Gilbert v. FloydAnnotate this Case
119 Ga. App. 670 (1969)
168 S.E.2d 607
GILBERT et al. v. FLOYD et al.
Court of Appeals of Georgia.
Submitted April 7, 1969.
Decided May 13, 1969.
*671 Lindsay H. Bennett, George W. Adams, for appellants.
Robert F. McClure, Excell Eaves, for appellees.
FELTON, Chief Judge.
1. Count One. The trial judge ruled that the Act of 1966 is constitutional and there is no cross appeal from that ruling. Otherwise, the court erred in sustaining the motions to dismiss the actions as to Count 1 against Mr. and Mrs. Floyd.
Count 1 in each case states a claim even without the allegations therein to the effect that the parents knew of the dangerous and vicious propensities of their son. Under the amendment to the Act of 1956 (Ga. L. 1956, p. 699) now appearing in Code Ann. § 105-113 (Ga. L. 1966, p. 424) a cause of action could be made out against either or both of the defendants under the provisions of the Act of 1966. The Act of 1966 is much broader than was the repealed Act of 1956. Under that Act the liability was upon the parent or parents having custody. Now it covers those in loco parentis. We shall not anticipate what the evidence will be on a trial and what the verdicts should be. Suffice it to say that a claim is stated against both defendants under the ruling that the Act of 1966 is not violative of the State or Federal Constitution. Bazemore v. Burnet, 117 Ga. App. 849, 852 (161 SE2d 924); Harper v. De Freitas, 117 Ga. App. 236 (160 SE2d 260). Many other cases could be cited to like effect.
*672 2. Count Two. The court did not err in granting summary judgments to Mr. and Mrs. Floyd on Count 2, which alleged knowledge on the part of both parents as to the dangerous propensities of their son, etc. The response by the plaintiff to the defendants' motions does not show facts which charge the parents with reason to suspect that the child had such dangerous propensities as to wantonly stab another with a butcher knife. They denied such knowledge. The response of the plaintiff to the defendants' motions for summary judgment consisted of an affidavit by (1) Ann Stone and (2) one by Edward Haubenreich. The first affiant stated in her affidavit that about three and one-half years ago Rickey Floyd was playing with affiant's son who was then three years of age; that Rickey Floyd put a rope around Jeff's neck and pulled it, and that the rope left a red ring around Jeff's neck; that affiant scolded Rickey about such actions and that he was defiant and said "Why do you always blame me" and that she told Rickey's parents about his conduct. These facts are wholly insufficient to authorize the conclusion that the parents were aware of such dangerous propensities of Rickey as are alleged here. The second affidavit, by the principal of Chattanooga Valley Junior and Senior High School, deposed that he had a pupil in said school named Rickey Floyd, son of Mr. and Mrs. Homer E. Floyd; that Rickey Floyd withdrew from said school on March 7, 1967; that prior to his withdrawal, Rickey Floyd had been suspended from school several times and was defiant with teacher as well as affiant; that when Rickey left on March 7, 1967, he came by affiant's office and said "If I ever catch you out, Haubenreich, I'll beat you with a stick"; that he, as well as the visiting teacher counseled and talked with Rickey's parents concerning his conduct at school and his rebellious attitude and that he recommended, as did the visiting teacher, that Rickey receive some sort of psychiatric examination and possible therapy.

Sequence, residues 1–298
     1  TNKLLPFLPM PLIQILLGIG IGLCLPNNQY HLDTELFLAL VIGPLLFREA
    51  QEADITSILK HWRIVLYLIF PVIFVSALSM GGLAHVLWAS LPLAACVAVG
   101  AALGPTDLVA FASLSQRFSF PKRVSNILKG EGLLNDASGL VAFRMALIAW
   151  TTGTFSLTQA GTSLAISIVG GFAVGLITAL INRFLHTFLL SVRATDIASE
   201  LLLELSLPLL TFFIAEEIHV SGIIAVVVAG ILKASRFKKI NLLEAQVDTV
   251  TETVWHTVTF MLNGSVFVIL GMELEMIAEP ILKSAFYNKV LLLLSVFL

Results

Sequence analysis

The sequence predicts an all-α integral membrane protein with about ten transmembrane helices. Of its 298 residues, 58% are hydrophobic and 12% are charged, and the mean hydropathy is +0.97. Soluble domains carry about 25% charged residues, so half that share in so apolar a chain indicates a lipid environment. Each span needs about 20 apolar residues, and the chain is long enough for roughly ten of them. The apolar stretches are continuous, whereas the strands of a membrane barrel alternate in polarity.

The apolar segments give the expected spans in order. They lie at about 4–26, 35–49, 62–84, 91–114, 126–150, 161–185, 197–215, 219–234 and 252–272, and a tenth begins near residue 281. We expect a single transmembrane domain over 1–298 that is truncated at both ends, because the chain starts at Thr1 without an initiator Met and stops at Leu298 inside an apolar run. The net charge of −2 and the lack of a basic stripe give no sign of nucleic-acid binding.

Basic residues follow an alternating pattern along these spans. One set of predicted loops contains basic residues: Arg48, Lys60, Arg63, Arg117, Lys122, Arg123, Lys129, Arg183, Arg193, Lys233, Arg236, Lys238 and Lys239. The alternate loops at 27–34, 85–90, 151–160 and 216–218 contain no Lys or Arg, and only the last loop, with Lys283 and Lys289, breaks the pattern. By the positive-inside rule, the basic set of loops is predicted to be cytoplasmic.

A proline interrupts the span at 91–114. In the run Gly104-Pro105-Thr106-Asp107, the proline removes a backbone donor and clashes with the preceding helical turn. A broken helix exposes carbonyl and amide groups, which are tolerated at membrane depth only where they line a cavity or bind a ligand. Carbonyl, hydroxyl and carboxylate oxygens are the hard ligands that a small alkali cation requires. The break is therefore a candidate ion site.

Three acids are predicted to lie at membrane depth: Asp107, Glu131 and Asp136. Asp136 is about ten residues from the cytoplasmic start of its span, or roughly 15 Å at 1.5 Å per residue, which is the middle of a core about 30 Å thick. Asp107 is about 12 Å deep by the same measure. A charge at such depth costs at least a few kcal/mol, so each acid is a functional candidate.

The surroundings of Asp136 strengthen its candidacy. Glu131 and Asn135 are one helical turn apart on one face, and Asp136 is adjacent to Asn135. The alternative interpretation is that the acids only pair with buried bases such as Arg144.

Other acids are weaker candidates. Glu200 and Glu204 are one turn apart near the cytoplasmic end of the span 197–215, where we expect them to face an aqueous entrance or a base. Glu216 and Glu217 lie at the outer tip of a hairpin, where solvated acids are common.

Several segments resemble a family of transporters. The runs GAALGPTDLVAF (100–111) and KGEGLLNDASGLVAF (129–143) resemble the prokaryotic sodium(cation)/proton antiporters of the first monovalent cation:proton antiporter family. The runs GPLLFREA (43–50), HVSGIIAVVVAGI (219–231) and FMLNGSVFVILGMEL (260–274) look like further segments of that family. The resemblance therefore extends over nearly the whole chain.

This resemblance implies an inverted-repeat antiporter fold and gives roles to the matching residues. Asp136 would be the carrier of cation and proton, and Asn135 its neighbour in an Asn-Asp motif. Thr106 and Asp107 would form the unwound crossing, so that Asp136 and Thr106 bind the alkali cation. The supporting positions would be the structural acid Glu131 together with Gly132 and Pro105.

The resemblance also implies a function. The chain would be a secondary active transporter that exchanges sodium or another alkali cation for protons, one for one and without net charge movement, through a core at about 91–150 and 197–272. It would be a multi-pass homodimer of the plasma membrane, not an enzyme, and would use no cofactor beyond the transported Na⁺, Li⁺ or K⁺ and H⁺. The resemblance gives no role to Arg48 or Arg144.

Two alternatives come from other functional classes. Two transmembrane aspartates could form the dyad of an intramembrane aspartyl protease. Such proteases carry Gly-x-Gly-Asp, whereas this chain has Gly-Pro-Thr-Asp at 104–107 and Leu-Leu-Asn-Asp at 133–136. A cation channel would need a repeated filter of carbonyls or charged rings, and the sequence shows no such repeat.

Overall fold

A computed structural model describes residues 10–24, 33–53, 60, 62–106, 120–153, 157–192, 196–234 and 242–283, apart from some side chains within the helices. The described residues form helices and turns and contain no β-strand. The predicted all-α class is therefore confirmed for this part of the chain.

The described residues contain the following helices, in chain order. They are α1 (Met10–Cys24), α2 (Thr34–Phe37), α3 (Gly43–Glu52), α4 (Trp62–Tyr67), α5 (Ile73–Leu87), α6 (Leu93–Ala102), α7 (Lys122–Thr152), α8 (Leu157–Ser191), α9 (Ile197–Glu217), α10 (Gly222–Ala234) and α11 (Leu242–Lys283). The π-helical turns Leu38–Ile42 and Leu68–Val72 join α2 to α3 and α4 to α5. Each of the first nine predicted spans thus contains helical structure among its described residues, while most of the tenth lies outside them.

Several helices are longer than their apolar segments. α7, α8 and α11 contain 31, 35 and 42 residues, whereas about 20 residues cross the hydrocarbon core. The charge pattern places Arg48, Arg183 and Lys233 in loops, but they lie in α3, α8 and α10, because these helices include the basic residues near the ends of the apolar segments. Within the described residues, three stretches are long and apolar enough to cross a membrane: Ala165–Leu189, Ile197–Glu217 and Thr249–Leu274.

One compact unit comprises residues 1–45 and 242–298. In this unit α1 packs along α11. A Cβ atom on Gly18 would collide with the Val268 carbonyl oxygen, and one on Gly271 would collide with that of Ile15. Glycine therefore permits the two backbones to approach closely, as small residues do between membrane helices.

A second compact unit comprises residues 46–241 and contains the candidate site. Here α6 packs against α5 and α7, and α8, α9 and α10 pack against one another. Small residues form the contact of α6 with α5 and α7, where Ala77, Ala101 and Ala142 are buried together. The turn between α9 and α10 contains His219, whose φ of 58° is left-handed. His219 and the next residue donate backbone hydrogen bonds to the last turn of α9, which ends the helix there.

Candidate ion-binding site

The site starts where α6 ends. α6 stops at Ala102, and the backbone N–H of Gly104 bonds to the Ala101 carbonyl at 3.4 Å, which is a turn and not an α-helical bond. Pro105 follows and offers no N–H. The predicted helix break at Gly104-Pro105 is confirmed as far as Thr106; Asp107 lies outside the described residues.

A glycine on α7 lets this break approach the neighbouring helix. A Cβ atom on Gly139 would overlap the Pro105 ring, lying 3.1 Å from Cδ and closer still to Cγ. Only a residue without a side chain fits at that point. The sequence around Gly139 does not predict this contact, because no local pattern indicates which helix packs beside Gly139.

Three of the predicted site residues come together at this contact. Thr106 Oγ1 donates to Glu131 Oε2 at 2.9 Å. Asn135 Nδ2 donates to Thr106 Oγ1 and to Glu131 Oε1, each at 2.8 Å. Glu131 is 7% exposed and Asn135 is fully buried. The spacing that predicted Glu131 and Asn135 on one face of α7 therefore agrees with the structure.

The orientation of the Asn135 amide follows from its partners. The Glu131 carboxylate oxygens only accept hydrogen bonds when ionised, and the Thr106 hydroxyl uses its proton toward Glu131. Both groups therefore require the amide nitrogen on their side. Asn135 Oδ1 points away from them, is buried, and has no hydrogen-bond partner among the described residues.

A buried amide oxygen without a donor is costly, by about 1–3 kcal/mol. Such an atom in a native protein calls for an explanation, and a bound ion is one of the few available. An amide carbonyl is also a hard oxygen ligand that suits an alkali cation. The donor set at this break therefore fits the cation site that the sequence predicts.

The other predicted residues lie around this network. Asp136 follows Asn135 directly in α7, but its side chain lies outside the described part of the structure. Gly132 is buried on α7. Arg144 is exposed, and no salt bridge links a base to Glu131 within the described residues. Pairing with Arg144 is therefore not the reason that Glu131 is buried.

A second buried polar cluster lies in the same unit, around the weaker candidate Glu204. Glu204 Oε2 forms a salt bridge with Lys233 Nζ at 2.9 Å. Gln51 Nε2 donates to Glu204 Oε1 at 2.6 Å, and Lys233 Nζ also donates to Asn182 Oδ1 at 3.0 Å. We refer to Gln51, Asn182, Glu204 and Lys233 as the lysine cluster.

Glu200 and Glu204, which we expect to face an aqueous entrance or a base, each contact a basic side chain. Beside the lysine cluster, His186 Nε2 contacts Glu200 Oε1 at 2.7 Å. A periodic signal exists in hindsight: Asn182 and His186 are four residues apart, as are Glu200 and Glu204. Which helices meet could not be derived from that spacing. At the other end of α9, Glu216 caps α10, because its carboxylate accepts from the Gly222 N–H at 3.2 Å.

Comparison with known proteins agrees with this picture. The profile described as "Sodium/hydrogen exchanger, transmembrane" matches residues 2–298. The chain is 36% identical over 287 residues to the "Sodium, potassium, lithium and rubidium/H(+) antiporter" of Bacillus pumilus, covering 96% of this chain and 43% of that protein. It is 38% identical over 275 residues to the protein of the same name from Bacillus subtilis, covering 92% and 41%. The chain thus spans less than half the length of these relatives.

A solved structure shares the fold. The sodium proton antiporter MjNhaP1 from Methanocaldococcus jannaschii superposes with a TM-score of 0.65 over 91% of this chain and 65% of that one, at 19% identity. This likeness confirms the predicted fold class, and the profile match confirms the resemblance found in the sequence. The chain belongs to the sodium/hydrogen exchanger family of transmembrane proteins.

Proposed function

This affidavit was also insufficient to charge the parents with knowledge of such dangerous propensities of Rickey Floyd as are alleged. The same is true as to both affidavits combined.
The court erred in sustaining Mr. and Mrs. Floyd's motions to dismiss Count 1 of the petition.
*673 The court did not err in granting the motions of Mr. and Mrs. Floyd for summary judgments on Count 2.
Judgment affirmed in part; reversed in part. Pannell and Quillian, JJ., concur.